Cardozo School of Law celebrated the 50th anniversary of the Fair Housing Act this week with a symposium addressing the history and impact of the legislation.
February 20, 2018 - The former White House lawyer and author on government ethics Richard Painter spoke at Cardozo on Presidents’ Day, February 19, 2018, as part of The Jacob Burns Center for Ethics in the Practice of Law speaker series. Painter was sharply critical of the Trump administration and gave a detailed description of issues he would have if he were in the counsel’s office today. The Burns Center lecture series has offered distinguished speakers on issues that probe the ethical challenges confronting government lawyers in the Trump era.
Painter served as chief White House ethics lawyer for George W. Bush from 2005 to 2007. He received his J.D. from Yale Law School, practiced law at Sullivan & Cromwell and is on the faculty at the University of Minnesota Law School.
Painter described serious conflict of interest issues with respect to Trump businesses and the Trump family members serving as representatives of the government while continuing their ongoing business relations around the globe. He also pointed out inconsistencies in dealings with members of the press and other problematic issues surrounding the Trump presidency.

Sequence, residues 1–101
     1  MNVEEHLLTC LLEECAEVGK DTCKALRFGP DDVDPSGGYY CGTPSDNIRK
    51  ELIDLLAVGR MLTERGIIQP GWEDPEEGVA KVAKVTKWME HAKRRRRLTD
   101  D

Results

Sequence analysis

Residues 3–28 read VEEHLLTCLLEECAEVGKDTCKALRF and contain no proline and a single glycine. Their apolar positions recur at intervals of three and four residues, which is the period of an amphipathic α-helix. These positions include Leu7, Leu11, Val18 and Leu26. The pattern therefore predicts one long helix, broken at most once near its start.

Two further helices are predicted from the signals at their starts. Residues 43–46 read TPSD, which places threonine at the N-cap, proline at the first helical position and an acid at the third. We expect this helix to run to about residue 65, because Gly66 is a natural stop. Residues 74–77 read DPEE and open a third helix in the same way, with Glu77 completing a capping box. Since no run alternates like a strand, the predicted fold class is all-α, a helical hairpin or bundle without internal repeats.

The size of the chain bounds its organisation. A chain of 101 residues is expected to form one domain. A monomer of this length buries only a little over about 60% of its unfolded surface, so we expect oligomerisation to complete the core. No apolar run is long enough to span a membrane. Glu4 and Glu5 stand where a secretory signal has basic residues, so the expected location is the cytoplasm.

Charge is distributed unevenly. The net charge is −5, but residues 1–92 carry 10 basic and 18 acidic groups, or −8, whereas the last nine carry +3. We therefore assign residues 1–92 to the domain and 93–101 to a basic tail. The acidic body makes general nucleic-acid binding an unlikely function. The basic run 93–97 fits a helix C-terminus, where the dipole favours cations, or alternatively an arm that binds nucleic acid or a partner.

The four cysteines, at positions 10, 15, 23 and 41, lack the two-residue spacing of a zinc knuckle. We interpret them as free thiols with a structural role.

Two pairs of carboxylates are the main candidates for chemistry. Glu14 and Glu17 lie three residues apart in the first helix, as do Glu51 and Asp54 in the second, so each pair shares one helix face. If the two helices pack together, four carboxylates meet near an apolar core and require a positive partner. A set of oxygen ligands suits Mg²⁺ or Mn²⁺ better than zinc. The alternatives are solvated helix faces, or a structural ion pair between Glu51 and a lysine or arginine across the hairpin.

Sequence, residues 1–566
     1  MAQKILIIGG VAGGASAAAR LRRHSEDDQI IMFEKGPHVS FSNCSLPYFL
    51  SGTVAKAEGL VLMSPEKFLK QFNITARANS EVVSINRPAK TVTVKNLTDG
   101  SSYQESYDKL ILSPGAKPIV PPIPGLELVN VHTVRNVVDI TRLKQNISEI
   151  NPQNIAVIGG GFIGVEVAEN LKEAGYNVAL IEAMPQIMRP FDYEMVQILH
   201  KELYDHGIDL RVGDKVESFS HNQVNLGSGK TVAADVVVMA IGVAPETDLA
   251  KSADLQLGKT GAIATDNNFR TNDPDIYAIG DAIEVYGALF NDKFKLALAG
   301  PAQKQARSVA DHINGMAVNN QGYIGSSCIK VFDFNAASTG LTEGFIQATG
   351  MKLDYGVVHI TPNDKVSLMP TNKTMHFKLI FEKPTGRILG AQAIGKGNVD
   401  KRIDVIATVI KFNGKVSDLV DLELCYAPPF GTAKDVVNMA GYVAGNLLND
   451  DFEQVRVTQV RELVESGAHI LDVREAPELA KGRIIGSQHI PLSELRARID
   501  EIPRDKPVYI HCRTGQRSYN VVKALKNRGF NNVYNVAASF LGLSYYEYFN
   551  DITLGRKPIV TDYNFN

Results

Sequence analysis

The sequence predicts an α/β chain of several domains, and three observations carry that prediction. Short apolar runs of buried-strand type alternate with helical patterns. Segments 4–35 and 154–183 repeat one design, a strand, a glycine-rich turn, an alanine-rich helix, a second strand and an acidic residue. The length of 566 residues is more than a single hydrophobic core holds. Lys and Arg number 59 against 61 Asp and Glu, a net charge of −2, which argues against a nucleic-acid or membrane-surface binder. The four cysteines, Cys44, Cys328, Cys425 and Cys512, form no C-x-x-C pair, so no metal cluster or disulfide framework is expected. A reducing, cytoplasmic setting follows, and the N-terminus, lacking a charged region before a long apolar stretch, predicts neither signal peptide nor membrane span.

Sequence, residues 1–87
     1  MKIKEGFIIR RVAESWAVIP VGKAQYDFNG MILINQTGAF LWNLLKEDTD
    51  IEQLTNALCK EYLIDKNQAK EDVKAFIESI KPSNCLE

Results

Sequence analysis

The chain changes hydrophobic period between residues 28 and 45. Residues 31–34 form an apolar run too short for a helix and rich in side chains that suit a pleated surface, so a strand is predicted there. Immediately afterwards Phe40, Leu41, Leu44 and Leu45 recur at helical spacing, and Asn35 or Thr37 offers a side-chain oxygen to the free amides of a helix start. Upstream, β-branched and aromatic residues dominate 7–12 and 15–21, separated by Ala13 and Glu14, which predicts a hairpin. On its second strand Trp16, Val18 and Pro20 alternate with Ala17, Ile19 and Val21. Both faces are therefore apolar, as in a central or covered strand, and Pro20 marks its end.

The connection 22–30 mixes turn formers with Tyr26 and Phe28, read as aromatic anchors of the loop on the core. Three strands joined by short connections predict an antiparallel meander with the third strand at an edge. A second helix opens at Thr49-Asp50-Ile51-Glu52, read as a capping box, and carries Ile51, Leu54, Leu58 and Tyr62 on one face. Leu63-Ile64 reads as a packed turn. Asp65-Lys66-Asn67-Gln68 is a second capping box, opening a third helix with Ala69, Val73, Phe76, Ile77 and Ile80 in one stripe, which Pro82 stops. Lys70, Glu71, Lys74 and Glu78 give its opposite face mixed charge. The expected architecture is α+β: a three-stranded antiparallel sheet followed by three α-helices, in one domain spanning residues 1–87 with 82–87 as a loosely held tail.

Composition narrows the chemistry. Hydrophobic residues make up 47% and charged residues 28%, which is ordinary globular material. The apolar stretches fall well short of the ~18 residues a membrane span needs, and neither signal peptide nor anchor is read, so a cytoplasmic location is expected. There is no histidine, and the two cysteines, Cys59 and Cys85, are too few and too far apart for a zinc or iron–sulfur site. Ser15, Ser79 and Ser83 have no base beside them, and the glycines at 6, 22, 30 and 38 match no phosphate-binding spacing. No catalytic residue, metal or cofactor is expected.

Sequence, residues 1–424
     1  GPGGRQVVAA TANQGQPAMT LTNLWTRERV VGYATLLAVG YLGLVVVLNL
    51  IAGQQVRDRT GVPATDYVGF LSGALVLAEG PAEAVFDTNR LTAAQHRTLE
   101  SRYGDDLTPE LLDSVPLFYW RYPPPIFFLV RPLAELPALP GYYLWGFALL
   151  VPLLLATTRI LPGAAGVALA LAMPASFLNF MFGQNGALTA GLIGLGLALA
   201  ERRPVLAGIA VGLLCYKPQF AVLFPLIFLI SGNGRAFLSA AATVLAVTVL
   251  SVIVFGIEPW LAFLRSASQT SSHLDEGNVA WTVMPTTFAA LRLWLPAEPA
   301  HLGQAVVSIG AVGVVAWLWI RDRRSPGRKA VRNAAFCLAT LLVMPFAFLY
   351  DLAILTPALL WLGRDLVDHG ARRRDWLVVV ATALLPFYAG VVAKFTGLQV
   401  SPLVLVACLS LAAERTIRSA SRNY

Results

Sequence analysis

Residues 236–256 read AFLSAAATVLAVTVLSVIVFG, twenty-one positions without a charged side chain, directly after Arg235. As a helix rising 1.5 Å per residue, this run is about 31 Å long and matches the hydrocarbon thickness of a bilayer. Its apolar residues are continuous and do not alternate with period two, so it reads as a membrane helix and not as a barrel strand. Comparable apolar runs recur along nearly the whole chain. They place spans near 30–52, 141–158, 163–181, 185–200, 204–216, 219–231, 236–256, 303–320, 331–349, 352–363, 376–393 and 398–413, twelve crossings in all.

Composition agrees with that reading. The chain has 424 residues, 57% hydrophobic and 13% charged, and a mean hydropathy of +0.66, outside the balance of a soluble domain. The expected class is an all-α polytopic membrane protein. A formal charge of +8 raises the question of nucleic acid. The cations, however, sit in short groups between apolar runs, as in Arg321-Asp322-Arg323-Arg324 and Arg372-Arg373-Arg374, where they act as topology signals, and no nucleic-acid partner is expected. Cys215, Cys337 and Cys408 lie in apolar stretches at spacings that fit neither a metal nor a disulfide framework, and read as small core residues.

President Trump’s continued interest in the Trump Organization and his stake in hundreds of other entities allow him to continue receiving a steady stream of monetary and other benefits from foreign powers. Painter believes this unusual setup violates the Foreign Emoluments Clause of the U.S. Constitution and could cause negative consequences for the U.S.
Painter also criticized President Trump’s controversial tweets attacking the judiciary and his use of the term “so-called judges” as unprecedented and dangerous, saying, “I can’t accept that in a country that I believe is committed to the rule of law.”
The Burns Center speaker series, called “Ethics and Government Lawyering in the Age of Trump” previously featured Bradley Wendel, dean of academic affairs at Cornell Law School and Michael Bosworth, former deputy counsel for the Obama White House.
Painter is also a board member and vice chair of Citizens for Responsibility and Ethics in Washington (CREW), which recently filed suit against President Trump for violating the Foreign Emoluments Clause of the U.S. Constitution. He narrated a picture of the Trump presidency as one filled with incompetence and Constitutional violations, starting with the January 2017 travel ban. “My reaction to Trump was visceral when he attacked Muslims,” Painter commented.
Painter said Trump’s relationship with the press is troubling and he said he is “concerned about actions taken to prevent freedom of the press in this administration.”